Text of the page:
September 25, 2007

In the eastern urban sprawl of Santo Domingo, a vast concrete cross-shaped structure is rising steadily into the capi- tal's skyline. A ramshackle and over- crowded barrio was torn down, and thousands of families were evicted to clear the way for the so-called Colum- bus Lighthouse. According to the gov- emment, each was rehoused in a mod- em apartment; organizations working with the ousted communities insist the families were lucky to receive $50 each before seeing their houses bulldozed. Santo Domingo is being beautified for the forthcoming celebrations of the quincentenary, the 500th anniversary of the arrival of Christopher Columbus to what is now the Dominican Repub- lic. Old colonial streets have been re- stored, while modern apartment blocks have gone up along the main avenues to James Ferguson is the author of Grenada: Revolution in Reverse and Far From Paradise: An Introduction to Caribbean Development (Latin Amer- ica Bureau, London). and from the airport. But while the building continues relentlessly, the infrastructure is visibly cracking. Many areas of the city and most rural regions receive no more than three or four hours of electricity per day, and potable water is a precious commodity. Vast potholes have appeared in the capital's streets, while uncollected garbage lies rotting on the sidewalks and rats are seen in broad daylight even in "good" neigh- borhoods. Typhoid broke out in July. The contrast between grandiose public works and neglected services is to many Dominicans the hallmark of President Joaquin Balaguer's admini- stration. Now 83 years old and blind, Balaguer has dominated Dominican politics since the assassination of the dictator Rafael Leonidas Trujillo in 1961. Once Trujillo's secretary and acting president, Balaguer has ruled the country since 1966, with only an eight- year hiatus (1978-1986). Both authori- tarian and paternalistic, his style of government inspires loyalty from many of the rural immigrants who have flooded into the capital in recent years. But many more Dominicans view Balaguer as an anachronism, a hold- over from a previous generation. The Columbus Lighthouse, say critics, is characteristic of the president's mega- lomania: a monument as much to him as to Columbus. Balaguer's sixth term in office be- gan in August on an inauspicious note of disarray. A gathering of the National Assembly on July 18 was intended to hear the official declaration of his elec- tion victory. Unfortunately, due to a boycott of the ceremony by opposition parties, the Chamber of Deputies failed to reach the required quorum. The Assembly waited seven hours while helicopters were sent to fetch absent deputies from outlying districts. Not until late in the afternoon were enough elected members of Balaguer's Partido Reformista Social Cristiano (PRSC) present to hear what everybody already knew-that the ruling party and vet- eran president had won yet another four years in power. The response in Santo Domingo was perhaps best described as resigned and cynical. After the May 16 elec- tions, it was apparent that the PRSC would be credited with victory, albeit by a very slim majority. What was less apparent was the extent to which the widespread accusations of electoral fraud would undermine the govern- ment's credibility. As soon as the pre- liminary results were announced by the Junta Central Electoral (JCE), the two main opposition parties rallied behind calls that Balaguer had cheated. Juan Bosch's historically left-leaning Par- tido de la Liberaci6n Dominicana (PLD) maintained that Balaguer's Reformis- tas had conspired with the JCE to per- petuate the fraud. The social-demo- cratic Partido de la Revoluci6n Dom- inicana (PRD), headed by Jos6 Fran- cisco Pefia G6mez, also complained that the PRSC had cheated in order to secure an edge in the Senate. The most common accusations were that the PRSC had falsified voter regis- tration lists and identity cards, allow- ing thousands of Balaguer supporters to vote at least twice. The PLD also alleged that 10,000 military personnel, constitutionally barred from voting, had taken part in the poll. With Balaguer's lead over Bosch put at only 24,000, the NACLA REPORT ON THE AMERICAS 4C LL t U C cc Once the mansion of former dictator Trujillo, this building is now occupied by 92 squatter families: Political leaders still hail from the Trujillo period PLD claimed that these tricks-together with computer fraud-were enough to settle the contest in Balaguer's favor. And there were damaging rumors sur- rounding the JCE: According to one PLD official, the electoral council turned a blind eye to the fraud because its president, Dr. Froilin Tavares, owed a special debt of gratitude to Balaguer, who had once helped Tavares' son evade drug charges. Playing by the Old Rules Allegations of fraud and bureau- cratic incompetence, of course, are part and parcel of the four-yearly Domini- can electoral process. Every election since the end of the 30-year Trujillo dictatorship has been clouded by accu- sations of cheating, long delays in announcing results and even military intervention. Thus, the PLD's latest allegations raised few eyebrows. After the provisional results were announced, an incensed Bosch called on his supporters to take to the streets, but he withdrew the call the following day. When the final figures were made public two weeks later, the PLD organ- ized a two-day general strike in "na- tional mourning," though, except for the national university, there was scant response in Santo Domingo. Many smaller towns and villages, however, were effectively closed down for 48 hours, and several clashes with security VOLUME XXIV, NUMBER 3 (NOVEMBER 1990) forces were reported. But this was only a symbolic show of strength, with no clear objectives and little coordination. Fraud aside, Balaguer's victory re- flected substantial but declining sup- port among sectors of Dominican soci- ety. Those benefitting from the PRSC's pork-barrel politics and from the con- struction boom voted for Balaguer, as did traditional conservatives and the older land-owning elite. His election slogan--' un camino sin peligro" ("a safe path")-played on fears that an administration headed by Juan Bosch would return the country to the instabil- ity and civil war of the 1960s, when Bosch spent a rocky seven months as president before being ousted in a U.S.- inspired coup. Yet Bosch's program contained little that was radical and hardly differed from Balaguer's in its emphasis on tourism, agribusiness and export-led manufacturing as the basis for economic recovery. Choosing a well- known businessman as his vice-presi- dential running mate, Bosch presented himself as an ally of local and foreign investors and tried to capitalize on the growing rift between Balaguer and more progressive elements within the Do- minican business community. Speeches emphasizing the PLD's commitment to private enterprise and a deregulated economy confirmed Bosch's conspicu- ous rightward drift since the early 1980s. Bosch's defeat was partly due to a number of well-publicized controver- sies during the run-up to the elections. Remarks concerning the influence of the Catholic Church and the armed forces in Dominican life were inter- preted by the pro-government media as proof of the 80-year-old contender's atheism and anti-militarism. More worrying for large numbers of workers in the extensive state sector were the PLD's pledges to deregulate and pri- vatize public utilities and companies as part of its modernization campaign. Even so, Bosch scored an achievement by raising the PLD's voting percentage to 34%, from 10% in 1982 and 18% in 1986, ousting Pefia G6mez's PRD as the country's main opposition party. The principal factor in Balaguer's victory was undoubtedly the division within the opposition. According to the JCE's figures, the victorious PRSC and its allied parties (notably the small right- wing Partido Quisqueyano Dem6crata) received a mere 35% of the vote. The PLD won its 34%, while Pefia G6mez's PRD confounded pollsters with 23%. Abstention was estimated at half of all eligible voters. While high abstention is not unknown in Dominican elec- tions, the split vote was unprecedented, making this the first truly three-party contest since 1966. The political malaise affected the Left, too, still traumatized by the sectar- ian splits of the early 1980s. Most groups, including the Partido Comunista Dominicano (PCD) boycotted the elec- tion. The Bloque Socialista, led by Rafael "Fafa" Tavares, however, sup- The Columbus Lighthouse: A monument as much to Balaguer as to Columbus ccported Pefia G6mez's presidential campaign, having earlier and unsuc- cessfully campaigned for a wide anti- Balaguer alliance. Tavares' electoral alliance with the PRD was condemned by other left-wing groups as opportun- istic, and the Bloque Socialista received a mere 0.14% of the vote, but gained one seat in the Chamber of Deputies. The Partido de los Trabajadores Dom- inicanos (PTD) also backed Pefia G6mez with the same results: 0.14% of the vote and a seat in Congress. Compared to the two aged caudil- los, Pefia G6mez ran a vigorous and ef- fective campaign. The PRD was forced to compete against a dissident faction, led by conservative former president Jacobo Majluta, whose new Partido Revolucionario Independiente (PRI) won almost 7% of the vote. The PRD had also to overcome a negative image of corruption and incompetence inher- ited from its eight years in office (1978- 1986). Nevertheless, Pefia G6mez suc- THE BOSCH PENDULUM INTERVIEW WITH ROBERTO CASSA BY ROBERT FOX & MICHAEL KAMBER Dominican historian Roberto Cassd, has observed Juan Bosch for most of the latter's checkered career. In this excerpt from a longer interview, Cassd discusses Bosch's evolution from a "pro-Marxist populist," to the candidate "with the most coherent plan for restructuring Domini- can capitalism." Bosch has been a key actor on the Do- minican political scene since 1939, when from exile in Puerto Rico he founded the left-leaning Partido Revolucionario Dom- inicano (PRD) to oppose the Trujillo dic- tatorship. A year after Trujillo's assassi- nation in 1961, he won the presidency only to be overthrown seven months later. When the twenty-fifth anniversary of the 1965 U.S. invasion rolled around last April, Bosch was aspiring to return to the presidency. But this was a Bosch for the 1990s, unlikely to offend the UnitedStates and, according to Cassd, to the right of even his former antagonists. "Juan Bosch started out as a pro- Marxist populist, during his first exile in the early 1940s. Later, when Latin Ameri- can populism turned anticommunist, Bosch followed suit. By the time he re- turned to the Dominican Republic in 1961, after the fall of Trujillo, he was already an cessfully applied a radical gloss to the party's traditional populism, arguing strongly in favor of improved wages and living conditions for the majority of Dominicans. As a result, he won large sectors of the country's poorest voters to his cause, even if the PRD was pushed into third place for the first time in its 50-year history. Some political com- mentators now place Pefia G6mez, 53, as the frontrunner for the 1994 presi- dential elections, despite the handicap of being a descendant of Haitian immi- grants in a largely racist society. The Next Generation The question of age is now upper- most in many Dominicans' minds. It seems unlikely that either Balaguer or Bosch will run again, but as yet no heir to either of the two leading parties has appeared. The power-struggle within the PRSC is reputed to be intense, with Jacinto Peynado, elected senator for Juan 5oscn: s sll campaigning, now as a neoliberal anticommunist, a replica of Venezuela's R6mulo Betancourt. "The Venezuelan elite accepted Betan- court in 1960, but the Dominican elite would not accept Bosch, even though there was basically no difference between Bosch's platform and the other currents of Latin American populism. The Left didn't participate in the 1962 elections because it was still caught up in the idea of organiz- ing a guerrilla foco like Fidel Castro's movement in Cuba. Bosch, on the other hand, had the skill to propose social re- forms. He knew how to win people over by offering immediate solutions to press- ing problems. He won the presidency in Santo Domingo, said to be a favorite. Such has been the stranglehold of the two political veterans on their respec- tive parties that a smooth succession appears unlikely. The PLD and the PRSC have become synonymous with Bosch and Balaguer and will lose much of their identity when the caudillos are forced to retire. Whether the PRSC will continue to defend the role of the state against the PLD's more neoliberal stance remains to be seen. It is also questionable whether the PLD will retain its momentum with the depar- ture of the charismatic Bosch. The struggle between a post-Bosch PLD and Pefia G6mez's PRD will be par- ticularly intense, since the two parties appeal to largely the same constitu- ency, even if Balaguer's slim majority does encourage a short-term tactical alliance. At the same time, while the cast of political characters has remained much the same over the years, the country's 1962, but was ousted seven months later, with the help of the army, the Catholic hi- erarchy, and the United States. "After his overthrow, Bosch started to distance himself even more from the powerful groups in Dominican society. In 1963 he had been ready to govern on behalf of the elites, to modernize Do- minican capitalism. But the elites couldn't comprehend this. They equated Bosch's platform-social reforms, agrarian re- form, industrialization-with commu- nism. So they got rid of him. Bosch felt wounded (here, we have to add a bit of psychology to the analysis), and to re- coup he was forced to depend on an increasingly radical popular movement. This is not something he decided unilat- erally: The popular resistance to the 1963 coup generated its own momentum that propelled it-closer and closer to the Left. And Bosch was pulled along. "Even so, what Bosch really wanted was an agreement with the army, the United States and the elites. The 1965 military revolt that he planned and di- rected from Puerto Rico was not intended to be a popular insurrection, only a coup d'etat. Bosch thought the coup would go off as planned and he would return to power to do basically the same things he had tried to do in 1963. "What happened next is well known: an insurrection and the U.S. invasion; an immediate polarization and a flood of NACLA REPORT ON THE AMERICAS E 0 ta 6social and economic features have changed enormously. This dislocation between the archaic political model, based on paternalism, and the new so- cio-economic realities of massive ur- banization and emigration, the infor- mal sector and export-led manufactur- ing, makes the electoral ritual irrele- vant to increasing numbers of Domini- cans. "The main political leaders date from the Trujillo period," observes so- ciologist Vanna lanni, "and they hardly appeal to voters who were born in the 1 9 70s." If Balaguer's political style is ar- chaic, say his critics, so, too, is his economic policy. The Dominican Re- public is gradually moving away from dependence on sugar to the new foreign exchange earners of tourism, offshore manufacturing, and remittances from the Dominican community in the United States. Yet Balaguer's instincts remain rooted in the paternalistic bureaucracy of trujillismo. The state, formerly support for the Left. Again, Bosch couldn't avoid being swept along and, in fact, he became rapidly radicalized. He had to face the obvious truth that the United States had shut him out of power. So, inspired not so much by ideology as by an intelligent evaluation of what was hap- pening at the time (the Left was the only force capable of sustaining him), Bosch became its leader, gradually displacing the leftist political parties. He lost to Balaguer [in the 1966 elections], then went into exile, as part of a series of informal agreements with Balaguer. "Once in exile, Bosch became very theoretical and proclaimed himself a Marxist. He went to Cuba and received an award from Fidel. In the late 1960s, Bosch published a document entitled "Dictator- ship With Popular Support," aprogramto establish himself at the head of a leftist government. Bosch did flirt with Marx- ism; however, he never claimed to be a Marxist-Leninist. He admitted to accept- ing Marxism as a tool of analysis, but he never systematically advocated socialist revolution. He spoke more of national liberation than of socialism. Of course, the Right was not that far off the mark when it called Bosch a communist, be- cause his discourse really was very close to that of the communists, and he did try to persuade communists to join up with him. "In the early 1970s, Bosch was faced with a dilemma: He wanted to maintain Trujillo's private domain, is still an important economic actor, holding in- terests in sugar, utilities and several large construction and manufacturing firms. Despite its record of mismanage- ment and financial insolvency, the public sector remains a pillar of Balaguer's economic program, provid- ing ample territory for political appoint- ments and favoritism. The president is happy to take credit for the boom in tourism and the Free Trade Zones dur- ing the last twenty years, although economists and business leaders insist the government's Draconian fiscal policies are a disincentive to invest- ment. The business community has been openly critical of government policy, particularly the handling of the coun- try's foreign exchange shortage. The tourist industry was outraged by Balaguer's attempt to force all foreign visitors to change $100 at the official exchange rate, a move that was quickly his radical discourse, but more than that he wanted to keep control of the PRD against an opposition sector led by [Jos6 Francisco] Pefia G6mez. By that time, given the relative stability of the political situation, the United States had begun to make contact with groups outside of Balaguer's clique. By 1971, the United States was linking up with members of the PRD in order to isolate Bosch, and an intense power struggle was underway within the party. Old leftists like Pefia G6mez and [Jacobo] Majluta were pulled along by the rightist drift of the PRD, and Bosch withdrew [in 1973] to form the Partido de la Liberaci6n Dominicana (PLD). He remained politically marginal for several years, and this isolation made him even more disposed to try to create a base among the old guard Left. "The new, more conservative PRD won the presidency in 1978, while Bosch stayed in the leftist camp. Once in power, however, the PRD lost support and was weakened by infighting. Bosch realized that it was the right time for a comeback, but that the leftist option was no longer viable. In 1981 then, with an eye toward the 1982 elections, he veered noticeably to the right. In 1982, the PLD was still somewhat of a leftist party, but by 1986 there was virtually no substantive differ- ence between the platforms of the PRD and the PLD. And by the 1990 elections, the PLD's program was actually to the dropped. Policy shifts of this sort led many industrialists to support Bosch during the election campaign, but oth- ers continued to be skeptical of all the candidates. "There is no party in the country that represents the interests of the private sector," one leading busi- nessman remarked. "Because of our caudillos, a whole generation of quali- fied and competent Dominicans has been excluded from the political proc- ess." A number of organizations have surfaced outside the discredited party system. On the one hand, there are the local popular movements which sprang up during the anti-IMF protests of the early 1980s. Generally focused on struggles for better services in poor barrios, they have shown a militancy absent in the main opposition parties. On the other, a group called Moderno, founded in late 1989 by younger entre- preneurs and technbcrats, provides a mouthpiece for the modernizing cur- right of all the other major political par- ties, advocating economic privatization. "There is nothing leftist anymore about the PLD's platform: Bosch has re- turned to his anticommunist populism, and his electoral program is really the most coherent plan for restructuring Dominican capitalism. If the upper class had any political sense, it would be behind Bosch, but he has only been accepted fully by a sophisticated sector of the elite. "The PLD continues to be a social democratic-style alternative. even with- out the theoretical philosophy of social democracy. Within the PLD, there are still many people who consider them- selves leftists. Why do they work for the PLD, with a rightist program? Because they believe that at the moment there is nothing else to do. For one thing, they are faithful followers of Bosch. Bosch is a caudillo leader, and they trust that what 'eljefe' does is correct. Secondly, they are looking for a way to survive politically, to be able to form a democratic, reformist government: privatize, but then improve living conditions through state programs in education, health, housing and welfare. They see the PLD as an arena for social action. There is another important point: Many in the PLD, people on the Left, feel strongly that the time has come to take power, that they have spent too much time out of power and that for the party to survive it has to get back into office." VOLUME XXIV. NUMBER 3 (NOVEMBER 1990) 7 VOLUME XXIV, NUMBER 3 (NOVEMBER 1990) 7rent within the Dominican business community. Neither Moderno nor the popular movements, however, have articulated a coherent national program, and neither sector intervened notably during the election campaign. Meanwhile, as President Balaguer begins yet another term of office he faces unprecedented political and eco- nomic problems. If the opposition par- ties unite in Congress, the Reformista government will face difficulties in pursuing its program of anti-inflation- ary austerity. This program was un- veiled before Balaguer's inauguration and consists of devaluing the peso, removing certain food subsidies and raising gas prices by 80%. In the first of a threatened series of general strikes, an unusually united bloc of trade unions and community groups protested against the package of measures during the first week in August. Rioting and retaliation by security forces resulted in eleven dead and more than 1,000 arrested. It was an IMF-approved package of this sort which provoked widespread rioting and 100 deaths in 1984 during the last PRD government, and the memory of that upheaval has deterred Balaguer from further negotiations with the IMF. But the remorseless deteriora- tion of living standards means that more such explosions are by no means un- likely. With the Persian Gulf crisis pushing oil prices higher, the govern- ment's room to maneuver is limited. Repayments on an $800 million debt to commercial banks have already been suspended, and the Dominican Repub- lic owes over $4.5 billion to bilateral and multilateral lenders. Inflation esti- mated at 80% in 1989 has been fueled by Balaguer's extravagant building program, while unemployment may be as high as 40%. Balaguer's main priority, it seems, is to stay alive long enough to preside over the Columbus anniversary cele- brations. The climax of these events will be the inauguration of the Light- house, which, it is boasted, will project a beam visible all over the Caribbean. According to a Dominican joke, though, when the Lighthouse is switched on, the blind president is unlikely to notice its most dramatic effect: the final col- lapse of the capital's creaking electrical system and Santo Domingo's plunge into darkness.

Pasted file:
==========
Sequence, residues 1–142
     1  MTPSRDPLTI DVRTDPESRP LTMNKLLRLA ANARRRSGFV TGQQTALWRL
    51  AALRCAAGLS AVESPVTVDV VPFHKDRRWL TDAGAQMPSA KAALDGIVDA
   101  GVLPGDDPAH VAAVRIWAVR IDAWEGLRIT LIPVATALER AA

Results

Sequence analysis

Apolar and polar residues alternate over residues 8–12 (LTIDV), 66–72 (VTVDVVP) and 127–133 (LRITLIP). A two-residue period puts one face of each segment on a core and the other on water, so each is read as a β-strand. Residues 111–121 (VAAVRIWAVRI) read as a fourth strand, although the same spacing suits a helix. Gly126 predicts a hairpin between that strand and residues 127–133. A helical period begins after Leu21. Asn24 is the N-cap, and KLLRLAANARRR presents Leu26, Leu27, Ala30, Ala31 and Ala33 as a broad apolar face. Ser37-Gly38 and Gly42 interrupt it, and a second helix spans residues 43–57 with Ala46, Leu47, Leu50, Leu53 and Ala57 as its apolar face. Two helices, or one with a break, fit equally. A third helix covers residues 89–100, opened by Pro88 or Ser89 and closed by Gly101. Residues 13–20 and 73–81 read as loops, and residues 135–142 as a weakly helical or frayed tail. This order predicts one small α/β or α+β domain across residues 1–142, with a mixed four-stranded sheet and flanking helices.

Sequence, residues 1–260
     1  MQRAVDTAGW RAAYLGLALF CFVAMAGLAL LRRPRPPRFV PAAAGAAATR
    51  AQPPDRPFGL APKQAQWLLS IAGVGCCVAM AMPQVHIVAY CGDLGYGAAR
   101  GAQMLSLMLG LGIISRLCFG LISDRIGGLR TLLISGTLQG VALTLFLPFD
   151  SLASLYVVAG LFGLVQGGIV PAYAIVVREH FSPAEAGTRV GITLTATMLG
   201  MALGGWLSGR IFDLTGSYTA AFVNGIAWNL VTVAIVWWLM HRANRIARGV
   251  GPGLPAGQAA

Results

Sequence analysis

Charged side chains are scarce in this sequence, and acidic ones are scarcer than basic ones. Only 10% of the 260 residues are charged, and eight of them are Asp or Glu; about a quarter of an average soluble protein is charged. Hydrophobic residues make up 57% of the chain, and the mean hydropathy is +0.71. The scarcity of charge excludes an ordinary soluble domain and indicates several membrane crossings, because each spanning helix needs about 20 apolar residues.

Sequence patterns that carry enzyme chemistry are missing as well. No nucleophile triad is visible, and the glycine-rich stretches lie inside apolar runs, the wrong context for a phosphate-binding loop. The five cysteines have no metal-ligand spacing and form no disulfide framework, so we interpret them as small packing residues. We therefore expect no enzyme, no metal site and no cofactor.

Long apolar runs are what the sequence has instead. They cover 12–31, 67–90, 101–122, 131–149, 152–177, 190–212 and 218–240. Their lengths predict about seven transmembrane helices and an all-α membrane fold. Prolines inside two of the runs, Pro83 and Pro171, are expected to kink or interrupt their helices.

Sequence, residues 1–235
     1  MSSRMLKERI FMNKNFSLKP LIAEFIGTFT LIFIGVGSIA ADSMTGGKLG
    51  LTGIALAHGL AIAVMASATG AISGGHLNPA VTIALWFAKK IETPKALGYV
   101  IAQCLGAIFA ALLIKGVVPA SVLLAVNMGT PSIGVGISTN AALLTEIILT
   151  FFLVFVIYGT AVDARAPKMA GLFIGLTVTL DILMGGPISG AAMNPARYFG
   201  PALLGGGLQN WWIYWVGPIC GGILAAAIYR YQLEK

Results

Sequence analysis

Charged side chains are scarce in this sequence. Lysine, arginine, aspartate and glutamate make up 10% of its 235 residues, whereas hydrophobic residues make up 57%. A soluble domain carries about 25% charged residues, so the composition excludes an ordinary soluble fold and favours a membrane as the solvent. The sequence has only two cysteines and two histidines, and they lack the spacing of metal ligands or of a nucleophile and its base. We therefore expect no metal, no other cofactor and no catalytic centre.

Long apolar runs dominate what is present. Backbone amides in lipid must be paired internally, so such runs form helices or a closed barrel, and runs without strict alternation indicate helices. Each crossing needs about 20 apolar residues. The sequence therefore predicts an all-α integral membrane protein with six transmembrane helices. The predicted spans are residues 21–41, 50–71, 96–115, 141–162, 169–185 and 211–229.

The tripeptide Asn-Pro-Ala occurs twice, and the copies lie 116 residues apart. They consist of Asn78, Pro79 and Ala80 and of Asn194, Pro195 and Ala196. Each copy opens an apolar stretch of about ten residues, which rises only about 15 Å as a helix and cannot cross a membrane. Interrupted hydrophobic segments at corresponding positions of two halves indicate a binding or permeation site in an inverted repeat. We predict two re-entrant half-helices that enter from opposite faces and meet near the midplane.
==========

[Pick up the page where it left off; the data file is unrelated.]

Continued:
Tags: Dominican Republic, Joaquin Balaguer, fraud, poverty, pork-barrel spending